Send 304 Header if cached (Apache)

Posted on 2009-02-23
Last Modified: 2012-05-06
If a browser sends my server this header
      If-Modified-Since: 1230768000 GMT

If the timestamp is less than one year old I want to respond to the browser with a 304 header and NOTHING else.

I know how to do this with PHP:

However I want to do this ONLY with httpd.conf or .htaccess so it applies to ALL images, documents and other files in a directory, not just PHP scripts.
Question by:hankknight
    LVL 27

    Accepted Solution

    That could work with mod_rewrite since apache 2.1 and an external RewriteMap program  (e.g. written in perl) defined in httpd.conf, but a small source code change in mod_rewrite.c is necessary because 304 is considered to be a redirect status code. That means the status code is treated as a redirect response and not a status response. Hence the HTTP body is not empty and a 304+HTTP body is an invalid response. The browser tries to download the HTTP body.

    Can you modify mod_rewrite.c and recompile the module?

    Another approach might be an apache module written either in c or in perl via mod_perl.
    LVL 16

    Author Comment

    Many browsers seem to completely ignore the best caching directives and the only foolproof way I have found to prevent them from downloading files again is to send them a 304 header.

    A custom apache module is an option for my personal website on my personal server.  But it would not be an option for my many clients who host their websites on a variety of shared servers.  

    So the only practical way I know to address this is to use mod_rewrite to cause ALL files and images to be processed by a PHP script that would handle this correctly.  My concern is that the performance gains created by proper usage of the 304 header would be offset by performance losses caused by making PHP process all files and images.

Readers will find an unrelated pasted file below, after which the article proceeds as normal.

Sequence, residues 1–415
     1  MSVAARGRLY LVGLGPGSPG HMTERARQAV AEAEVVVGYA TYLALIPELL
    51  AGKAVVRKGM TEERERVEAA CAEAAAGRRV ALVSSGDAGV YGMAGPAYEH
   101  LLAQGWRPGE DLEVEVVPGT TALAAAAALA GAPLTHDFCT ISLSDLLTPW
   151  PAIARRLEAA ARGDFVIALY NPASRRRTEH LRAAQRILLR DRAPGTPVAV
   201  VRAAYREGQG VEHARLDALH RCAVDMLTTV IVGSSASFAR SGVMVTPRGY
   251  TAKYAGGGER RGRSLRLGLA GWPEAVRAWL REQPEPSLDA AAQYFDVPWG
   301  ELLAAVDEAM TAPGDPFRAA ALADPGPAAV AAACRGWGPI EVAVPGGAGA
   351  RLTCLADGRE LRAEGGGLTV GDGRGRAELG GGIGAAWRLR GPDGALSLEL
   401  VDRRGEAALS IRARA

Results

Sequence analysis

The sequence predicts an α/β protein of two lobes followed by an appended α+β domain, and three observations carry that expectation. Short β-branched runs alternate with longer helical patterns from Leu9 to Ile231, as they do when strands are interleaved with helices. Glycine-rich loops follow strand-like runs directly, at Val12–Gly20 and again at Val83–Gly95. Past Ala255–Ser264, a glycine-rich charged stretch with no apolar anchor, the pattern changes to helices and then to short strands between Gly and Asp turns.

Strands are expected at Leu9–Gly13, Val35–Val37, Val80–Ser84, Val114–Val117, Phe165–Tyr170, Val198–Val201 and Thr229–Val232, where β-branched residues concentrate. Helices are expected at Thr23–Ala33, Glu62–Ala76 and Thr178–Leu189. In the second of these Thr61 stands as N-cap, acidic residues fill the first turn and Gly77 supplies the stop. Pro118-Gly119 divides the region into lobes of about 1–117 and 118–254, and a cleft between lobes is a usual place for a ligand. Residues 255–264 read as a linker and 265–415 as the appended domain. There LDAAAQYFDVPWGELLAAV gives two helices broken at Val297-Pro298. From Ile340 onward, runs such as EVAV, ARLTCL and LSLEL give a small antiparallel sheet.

LVL 16

    Author Comment

    LVL 27

    Expert Comment

    The rewriting to a page in .htaccess files and the processing of a PHP script causes some performance losses, but since this is just a tiny script without any databases involved I think it wouldn't cause too much processing time compared with that th client doesn't need to download large files again.

    Serving static files is pretty fast of course with sendfile (EnableSendfile). Until some point the downloading procedure of a small static file might be faster than a 304 issued by a php script.
    LVL 27

    Expert Comment

    The approach via a RewriteMap could look like
    # httpd.conf
    RewriteEngine on
    RewriteMap check "/var/www/"
    RewriteCond %{HTTP:If-Modified-Since} ^(.+)
    RewriteCond ${time:%1} =1
                   # doesn't work until source code modification
    RewriteRule ^ - [R=304]
    mod_rewrite.c changes (untested)
                        if (!ap_is_HTTP_REDIRECT(status)) {
                        if (!ap_is_HTTP_REDIRECT(status) || status == HTTP_NOT_MODIFIED) {
    and the map program
    use DateTime::Format::Mail;
    use strict;
    use warnings;
    $| = 1;
        my $ifsince;
        if ($_ =~ m/^[A-Z]/)
            # oh dear, the client sent a RFC 2822 formatted date 'Thu, 01 Jan 2009 00:00:00 GMT'
            $ifsince = DateTime::Format::Mail->parse_datetime($_);
            $ifsince = $ifsince->epoch;
        } else
            # get rid of ' GMT'
            $ifsince = substr($_,0,-4);
            print $ifsince;
        if (int($ifsince))
            my $time = time();
            # current time - 365.xx days
            $time = int($time)-31556926;
            if ($ifsince<$time)
                print "1\n";
        print "NULL\n";

    Open in new window

    LVL 27

    Expert Comment

    oh, the map call should be ${check:%1} instead of ${time:%1} and the shebang line should start with #! of course....

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